TS Bundaberg Naval Reserve Cadet Leading Seaman Hanna Walshaw will end the year on a high after not only performing with the Royal Edinburgh Military Tattoo but also after being named local cadet of the year.
Hanna was chosen to join 21 other naval cadets from across Australia to perform at the prestigious military performance and the largest Royal Edinburgh Military Tattoo ever staged.
The Royal Edinburgh Military Tattoo featured more than 1500 of the world’s finest pipers, drummers, dancers, military musicians and performers, in the renowned Scottish spectacular that was brought to life set against the backdrop of a full-size replica of Edinburgh Castle.
Hanna, 15, said it was the first time she had taken part in such an amazing and official role with the naval cadets.
“It was amazing experience, I had a mix of nervousness and pride all together,” Hanna said.
“We (the other cadets) all came together as a family and I definitely have new friendships now.
“Bonding and coming together as a family when we stepped out on to the field was truly unbelievable.”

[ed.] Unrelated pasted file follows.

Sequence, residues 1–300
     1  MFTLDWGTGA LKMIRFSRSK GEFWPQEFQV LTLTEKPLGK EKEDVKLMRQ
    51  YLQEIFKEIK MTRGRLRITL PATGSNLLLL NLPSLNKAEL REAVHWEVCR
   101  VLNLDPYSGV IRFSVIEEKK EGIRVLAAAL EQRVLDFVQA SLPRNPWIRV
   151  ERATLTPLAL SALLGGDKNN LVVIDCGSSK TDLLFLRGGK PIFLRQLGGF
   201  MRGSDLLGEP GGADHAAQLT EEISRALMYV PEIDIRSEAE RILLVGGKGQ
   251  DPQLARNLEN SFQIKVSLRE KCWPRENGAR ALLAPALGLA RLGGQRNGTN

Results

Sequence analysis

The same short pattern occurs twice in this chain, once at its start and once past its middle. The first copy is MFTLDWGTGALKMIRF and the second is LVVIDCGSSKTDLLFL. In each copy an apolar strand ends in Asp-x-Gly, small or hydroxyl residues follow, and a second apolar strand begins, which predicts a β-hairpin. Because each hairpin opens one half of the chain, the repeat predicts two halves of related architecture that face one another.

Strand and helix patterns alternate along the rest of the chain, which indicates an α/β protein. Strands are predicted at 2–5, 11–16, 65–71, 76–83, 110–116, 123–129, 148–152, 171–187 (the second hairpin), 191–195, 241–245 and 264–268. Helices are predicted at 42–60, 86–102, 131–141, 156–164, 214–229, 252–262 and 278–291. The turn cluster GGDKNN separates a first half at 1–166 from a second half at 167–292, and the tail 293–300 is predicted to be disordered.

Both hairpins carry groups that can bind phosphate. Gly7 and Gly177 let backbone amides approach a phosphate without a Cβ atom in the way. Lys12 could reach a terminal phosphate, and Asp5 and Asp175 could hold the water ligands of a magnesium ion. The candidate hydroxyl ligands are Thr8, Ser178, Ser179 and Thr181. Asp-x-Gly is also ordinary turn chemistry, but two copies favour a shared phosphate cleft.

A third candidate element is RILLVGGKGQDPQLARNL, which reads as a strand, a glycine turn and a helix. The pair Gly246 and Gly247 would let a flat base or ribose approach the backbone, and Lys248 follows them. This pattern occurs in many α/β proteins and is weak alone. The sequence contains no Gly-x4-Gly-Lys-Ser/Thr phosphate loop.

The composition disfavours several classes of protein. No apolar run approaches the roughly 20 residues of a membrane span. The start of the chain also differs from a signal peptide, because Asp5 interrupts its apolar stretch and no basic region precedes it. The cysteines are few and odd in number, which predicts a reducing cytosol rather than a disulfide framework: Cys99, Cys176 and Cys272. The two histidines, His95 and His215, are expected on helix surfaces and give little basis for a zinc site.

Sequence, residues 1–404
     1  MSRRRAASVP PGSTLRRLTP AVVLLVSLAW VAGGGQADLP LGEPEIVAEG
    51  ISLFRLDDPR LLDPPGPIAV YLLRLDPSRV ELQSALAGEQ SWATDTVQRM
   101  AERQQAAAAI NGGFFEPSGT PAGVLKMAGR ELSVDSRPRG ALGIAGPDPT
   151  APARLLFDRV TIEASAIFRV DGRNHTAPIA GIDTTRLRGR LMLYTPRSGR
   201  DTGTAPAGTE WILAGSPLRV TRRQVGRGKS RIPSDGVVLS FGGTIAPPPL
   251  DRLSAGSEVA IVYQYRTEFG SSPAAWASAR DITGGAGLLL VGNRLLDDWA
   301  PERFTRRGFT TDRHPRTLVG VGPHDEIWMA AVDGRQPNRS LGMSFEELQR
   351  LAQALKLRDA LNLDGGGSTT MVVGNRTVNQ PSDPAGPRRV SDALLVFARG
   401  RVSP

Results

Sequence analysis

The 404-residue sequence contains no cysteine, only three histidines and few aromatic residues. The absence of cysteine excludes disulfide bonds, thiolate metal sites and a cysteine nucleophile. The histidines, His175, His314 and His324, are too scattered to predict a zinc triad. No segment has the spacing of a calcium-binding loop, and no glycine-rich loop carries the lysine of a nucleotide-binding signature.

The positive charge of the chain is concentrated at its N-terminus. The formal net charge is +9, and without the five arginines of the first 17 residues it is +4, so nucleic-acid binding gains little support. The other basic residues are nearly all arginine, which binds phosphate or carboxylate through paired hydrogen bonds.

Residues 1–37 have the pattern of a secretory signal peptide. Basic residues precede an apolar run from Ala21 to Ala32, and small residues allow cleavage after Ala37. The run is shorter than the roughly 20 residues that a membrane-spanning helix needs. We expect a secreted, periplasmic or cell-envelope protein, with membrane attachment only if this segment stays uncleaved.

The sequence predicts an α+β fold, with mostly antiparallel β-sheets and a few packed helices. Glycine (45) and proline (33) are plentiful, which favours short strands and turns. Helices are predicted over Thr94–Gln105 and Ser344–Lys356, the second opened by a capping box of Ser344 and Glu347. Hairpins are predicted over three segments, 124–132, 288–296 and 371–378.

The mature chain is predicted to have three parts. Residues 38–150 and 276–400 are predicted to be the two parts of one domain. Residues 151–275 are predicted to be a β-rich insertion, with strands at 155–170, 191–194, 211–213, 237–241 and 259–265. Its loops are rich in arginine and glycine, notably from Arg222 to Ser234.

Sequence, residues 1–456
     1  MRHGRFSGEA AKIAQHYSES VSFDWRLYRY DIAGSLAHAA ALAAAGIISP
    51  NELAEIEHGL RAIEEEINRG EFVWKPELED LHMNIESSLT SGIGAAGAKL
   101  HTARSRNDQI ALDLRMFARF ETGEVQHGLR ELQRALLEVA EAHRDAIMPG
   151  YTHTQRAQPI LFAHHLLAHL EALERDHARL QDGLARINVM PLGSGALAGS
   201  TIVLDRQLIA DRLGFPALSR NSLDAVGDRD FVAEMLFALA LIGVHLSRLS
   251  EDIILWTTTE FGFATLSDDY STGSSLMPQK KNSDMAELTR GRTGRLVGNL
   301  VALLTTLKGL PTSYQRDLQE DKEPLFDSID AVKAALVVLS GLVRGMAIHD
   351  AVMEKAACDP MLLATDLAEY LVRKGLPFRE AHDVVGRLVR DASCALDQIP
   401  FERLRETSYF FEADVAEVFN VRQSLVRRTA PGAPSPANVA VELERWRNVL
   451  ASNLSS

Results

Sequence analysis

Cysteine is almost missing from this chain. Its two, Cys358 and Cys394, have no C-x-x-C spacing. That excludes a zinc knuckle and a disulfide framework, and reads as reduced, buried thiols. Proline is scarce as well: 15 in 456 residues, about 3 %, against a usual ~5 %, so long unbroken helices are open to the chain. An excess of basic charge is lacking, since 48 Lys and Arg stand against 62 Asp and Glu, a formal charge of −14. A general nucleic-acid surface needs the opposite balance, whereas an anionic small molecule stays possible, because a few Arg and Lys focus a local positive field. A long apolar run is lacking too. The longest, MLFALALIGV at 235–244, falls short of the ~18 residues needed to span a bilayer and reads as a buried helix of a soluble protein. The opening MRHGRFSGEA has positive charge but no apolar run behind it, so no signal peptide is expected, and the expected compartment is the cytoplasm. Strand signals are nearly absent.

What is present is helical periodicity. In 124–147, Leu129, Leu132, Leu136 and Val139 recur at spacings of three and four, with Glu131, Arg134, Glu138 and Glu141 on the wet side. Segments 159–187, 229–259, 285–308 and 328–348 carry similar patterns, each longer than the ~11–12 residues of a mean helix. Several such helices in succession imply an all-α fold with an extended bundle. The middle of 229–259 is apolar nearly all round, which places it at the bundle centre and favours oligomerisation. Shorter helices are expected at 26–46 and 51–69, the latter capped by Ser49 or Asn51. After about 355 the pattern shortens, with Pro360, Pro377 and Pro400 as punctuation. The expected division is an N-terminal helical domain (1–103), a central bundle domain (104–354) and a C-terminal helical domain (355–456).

The 21 cadets performed alongside 320 pipers and drums, 100 highland dancers, 13 military bands with 865 military performers, 40 Scottish fiddlers, a 100-strong Australian Federation Guard in front of about 30,000 people.
The Year 9 Bundaberg State High student said joining TS Bundaberg as a cadet had opened a lot of doors for her and performing at the Royal Edinburgh Military Tattoo was one of life’s climaxes.
On Sunday morning Hanna was also named TS Bundaberg Naval Cadet of the Year at the end-of-year celebration.
Spectacular performance with only 11 weeks’ notice
TS Bundaberg Commanding Office Lieutenant Chris Moyle was the officer in charge of the naval cadets and said he worked closely with a drumming expert to ensure the performance was a highlight on everyone calendar.
“The Military Tattoo was in Australia six years ago in Melbourne,” Lieutenant Moyle said.
“Edinburgh Tattoo is done in Edinburgh for some time and to my knowledge Australia is the only other country it has gone to for performances.”
Lieutenant Moyle said it was 11 short weeks of practice before the 21 cadets, aged between 14 and 17 years, marched out on to the ANZ Stadium field.
“Normally that would be nine months in planning,” he said.
“The drumming expert as he said his farewells to the cadets went ‘you guys worked up in eight weeks what he would have worked out in a one-year program, as far training as far as the drumming sequences and things like that'.”
After working in national Australia Naval Cadet activities quite a bit, Lieutenant Moyle said it was nice to have his first opportunity of being officer in charge with a fellow Bundaberg cadet under his wing at the Royal Edinburgh Military Tattoo.
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